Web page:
By Susan Pedwell
Hospital nursing schools trained nurses in how to care for the sick. In 1920, U of T turned that training upside down. It began educating nurses in how to prevent sickness by promoting health.
In the preceding years, the Spanish Influenza pandemic had wiped out about four per cent of the world’s population. The flu hit Toronto particularly hard in October 1919, killing 1,300 citizens in just one month.
The Canadian Red Cross Society was impressed by the contributions that public health nurses were making during the pandemic. Believing that a “well-staffed nursing service is an important factor in the health and happiness of the Dominion,” it spearheaded an initiative to educate more nurses for the public health field.
In 1919, the provincial branches of the Canadian Red Cross Society approached five universities, each in a different province, to offer financial support for educating graduate nurses in public health. The Ontario Red Cross Society offered U of T the financing to run a program for three years. U of T accepted the grant and ventured into nursing for the first time by establishing the Department of Public Health Nursing.
Of the 50 nurses who enrolled in the program’s first year, more than half were First World War veterans. In Europe, the “nursing sisters” experienced much hard-ship, but also much responsibility. Back home, if they returned to hospital work they would return to passivity, subservience and unquestioning obedience. Public health nurses, though, were free of the hospital’s rigid hierarchy although still constrained by local physicians and health boards. But armed with a briefcase of pamphlets, they could independently visit new mothers at home, speak about safety to children in their classrooms and encourage communities to develop healthy habits.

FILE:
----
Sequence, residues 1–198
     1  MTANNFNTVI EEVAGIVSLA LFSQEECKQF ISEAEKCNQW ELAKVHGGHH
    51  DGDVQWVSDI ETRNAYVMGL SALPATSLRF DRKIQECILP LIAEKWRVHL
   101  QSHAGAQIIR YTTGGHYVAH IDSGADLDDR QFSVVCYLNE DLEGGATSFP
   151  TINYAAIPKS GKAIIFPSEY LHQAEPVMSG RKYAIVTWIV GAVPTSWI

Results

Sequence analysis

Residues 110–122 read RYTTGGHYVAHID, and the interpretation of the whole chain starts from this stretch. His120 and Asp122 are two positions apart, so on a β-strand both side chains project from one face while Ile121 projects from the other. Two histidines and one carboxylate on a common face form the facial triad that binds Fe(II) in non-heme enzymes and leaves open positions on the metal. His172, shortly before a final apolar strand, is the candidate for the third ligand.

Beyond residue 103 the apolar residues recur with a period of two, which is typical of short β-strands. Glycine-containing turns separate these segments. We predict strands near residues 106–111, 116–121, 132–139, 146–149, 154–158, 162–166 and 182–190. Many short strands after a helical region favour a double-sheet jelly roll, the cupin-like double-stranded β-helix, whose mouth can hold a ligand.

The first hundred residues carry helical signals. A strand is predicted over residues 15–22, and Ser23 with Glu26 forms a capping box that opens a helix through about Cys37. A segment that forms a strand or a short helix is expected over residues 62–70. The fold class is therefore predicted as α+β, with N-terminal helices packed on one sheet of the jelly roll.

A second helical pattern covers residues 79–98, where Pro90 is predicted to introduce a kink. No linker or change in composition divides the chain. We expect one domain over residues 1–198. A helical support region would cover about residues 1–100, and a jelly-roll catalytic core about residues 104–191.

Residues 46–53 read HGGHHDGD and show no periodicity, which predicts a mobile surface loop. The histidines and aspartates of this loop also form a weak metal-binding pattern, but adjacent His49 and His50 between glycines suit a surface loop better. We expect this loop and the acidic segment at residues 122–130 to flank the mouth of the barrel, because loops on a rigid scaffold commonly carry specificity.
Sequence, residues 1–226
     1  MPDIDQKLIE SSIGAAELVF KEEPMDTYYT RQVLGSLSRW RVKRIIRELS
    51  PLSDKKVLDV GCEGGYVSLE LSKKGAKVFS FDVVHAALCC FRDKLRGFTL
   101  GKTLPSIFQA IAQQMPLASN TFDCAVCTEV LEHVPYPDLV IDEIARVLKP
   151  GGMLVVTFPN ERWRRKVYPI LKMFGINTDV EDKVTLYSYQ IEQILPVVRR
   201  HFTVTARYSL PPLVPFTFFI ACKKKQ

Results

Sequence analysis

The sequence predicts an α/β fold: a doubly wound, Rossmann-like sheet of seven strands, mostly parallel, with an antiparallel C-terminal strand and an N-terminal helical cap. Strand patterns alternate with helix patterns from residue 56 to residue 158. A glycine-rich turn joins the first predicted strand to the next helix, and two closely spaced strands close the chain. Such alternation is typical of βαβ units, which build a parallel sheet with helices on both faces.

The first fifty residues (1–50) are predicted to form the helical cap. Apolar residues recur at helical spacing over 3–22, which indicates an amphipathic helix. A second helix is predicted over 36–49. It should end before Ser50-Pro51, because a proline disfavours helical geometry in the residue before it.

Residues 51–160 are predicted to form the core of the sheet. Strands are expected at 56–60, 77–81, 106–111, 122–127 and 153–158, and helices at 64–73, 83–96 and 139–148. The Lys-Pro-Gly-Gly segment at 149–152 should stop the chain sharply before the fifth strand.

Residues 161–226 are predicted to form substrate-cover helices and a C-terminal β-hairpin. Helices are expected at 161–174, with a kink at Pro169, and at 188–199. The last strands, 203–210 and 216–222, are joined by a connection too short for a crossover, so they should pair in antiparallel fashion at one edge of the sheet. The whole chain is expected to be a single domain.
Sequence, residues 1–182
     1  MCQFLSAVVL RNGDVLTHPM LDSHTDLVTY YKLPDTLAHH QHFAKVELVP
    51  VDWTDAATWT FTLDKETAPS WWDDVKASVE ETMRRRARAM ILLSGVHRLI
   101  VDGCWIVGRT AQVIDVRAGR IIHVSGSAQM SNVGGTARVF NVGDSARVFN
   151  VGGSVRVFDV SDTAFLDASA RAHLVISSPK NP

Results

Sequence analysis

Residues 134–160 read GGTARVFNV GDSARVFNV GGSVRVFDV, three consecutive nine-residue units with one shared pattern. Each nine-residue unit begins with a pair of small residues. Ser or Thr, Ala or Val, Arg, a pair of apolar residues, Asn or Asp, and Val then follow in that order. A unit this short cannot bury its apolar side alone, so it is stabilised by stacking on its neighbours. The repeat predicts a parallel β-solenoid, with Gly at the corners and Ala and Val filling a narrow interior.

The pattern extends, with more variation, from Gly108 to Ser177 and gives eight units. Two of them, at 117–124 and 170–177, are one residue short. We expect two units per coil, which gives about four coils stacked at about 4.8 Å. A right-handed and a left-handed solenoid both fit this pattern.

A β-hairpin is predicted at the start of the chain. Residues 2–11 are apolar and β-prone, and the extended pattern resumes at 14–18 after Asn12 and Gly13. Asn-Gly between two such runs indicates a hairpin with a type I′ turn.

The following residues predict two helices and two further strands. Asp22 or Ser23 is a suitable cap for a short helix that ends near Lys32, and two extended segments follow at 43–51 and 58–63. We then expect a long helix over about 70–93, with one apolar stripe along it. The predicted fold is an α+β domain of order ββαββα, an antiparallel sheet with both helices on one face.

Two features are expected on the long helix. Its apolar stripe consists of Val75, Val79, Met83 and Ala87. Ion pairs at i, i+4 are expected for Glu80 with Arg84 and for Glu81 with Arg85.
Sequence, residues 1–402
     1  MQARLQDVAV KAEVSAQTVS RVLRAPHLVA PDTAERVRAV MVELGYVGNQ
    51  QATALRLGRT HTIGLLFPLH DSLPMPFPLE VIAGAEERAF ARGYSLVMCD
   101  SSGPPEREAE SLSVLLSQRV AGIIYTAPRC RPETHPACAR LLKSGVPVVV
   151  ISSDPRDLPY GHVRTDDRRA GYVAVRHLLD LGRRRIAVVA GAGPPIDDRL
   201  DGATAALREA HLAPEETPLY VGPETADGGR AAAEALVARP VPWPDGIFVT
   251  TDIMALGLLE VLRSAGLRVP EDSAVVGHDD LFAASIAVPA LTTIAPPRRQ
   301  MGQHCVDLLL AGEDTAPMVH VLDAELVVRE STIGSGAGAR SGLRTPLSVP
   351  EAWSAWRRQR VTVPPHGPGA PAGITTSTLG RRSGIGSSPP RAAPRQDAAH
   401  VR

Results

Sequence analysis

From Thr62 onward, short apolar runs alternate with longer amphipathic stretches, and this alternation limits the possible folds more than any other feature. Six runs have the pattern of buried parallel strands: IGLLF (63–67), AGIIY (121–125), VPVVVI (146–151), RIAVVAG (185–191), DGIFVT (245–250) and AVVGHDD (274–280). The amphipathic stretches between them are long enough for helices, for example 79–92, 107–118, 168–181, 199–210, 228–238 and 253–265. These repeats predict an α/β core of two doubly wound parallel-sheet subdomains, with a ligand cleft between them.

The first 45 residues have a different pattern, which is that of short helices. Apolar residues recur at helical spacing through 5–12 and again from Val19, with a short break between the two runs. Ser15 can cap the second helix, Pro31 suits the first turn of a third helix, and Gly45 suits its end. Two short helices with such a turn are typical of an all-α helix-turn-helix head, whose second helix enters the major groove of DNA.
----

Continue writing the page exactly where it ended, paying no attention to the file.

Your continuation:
Under the leadership of Kathleen Russell, our inaugural director, U of T’s public health nursing program was soon being held up as a model of excellence across Canada. The department’s one-year certificate program included six months of course work in subjects such as hygiene, social work theory and “teaching procedure.” The program also included placements with several agencies, including the Toronto Department of Public Health and Victorian Order of Nurses.
The U of T program caught the eye of the Rockefeller Foundation in New York City, which was also interested in preparing nurses for public health services. In 1923, the foundation started sending international fellowship students to U of T to take our public health nursing program.
From the day Russell arrived, she worked toward shaping the department into a full-fledged faculty of nursing. In brief, Russell, with her golden hair bobby-pinned into an elegant chignon, came in fighting. She fought for nursing as a legitimate course of university study. She fought against opposition toward women earning a university education to prepare them for a professional career.
U of T saw the three years of nursing that the Red Cross had funded as a temporary endeavour. Russell, though, likely saw it as a respectable beginning. By the time the Red Cross funding ended in 1923, Russell had persuaded the university to finance U of T Nursing. She had also persuaded the Rockefeller Foundation to give U of T’s fledgling nursing program the largest donation awarded to any nursing school outside the United States. The funding provided U of T Nursing with more security – not to mention more prestige – than any other university nursing program in Canada.
This story first appeared in the Fall/Winter 2014 issue of Pulse Magazine.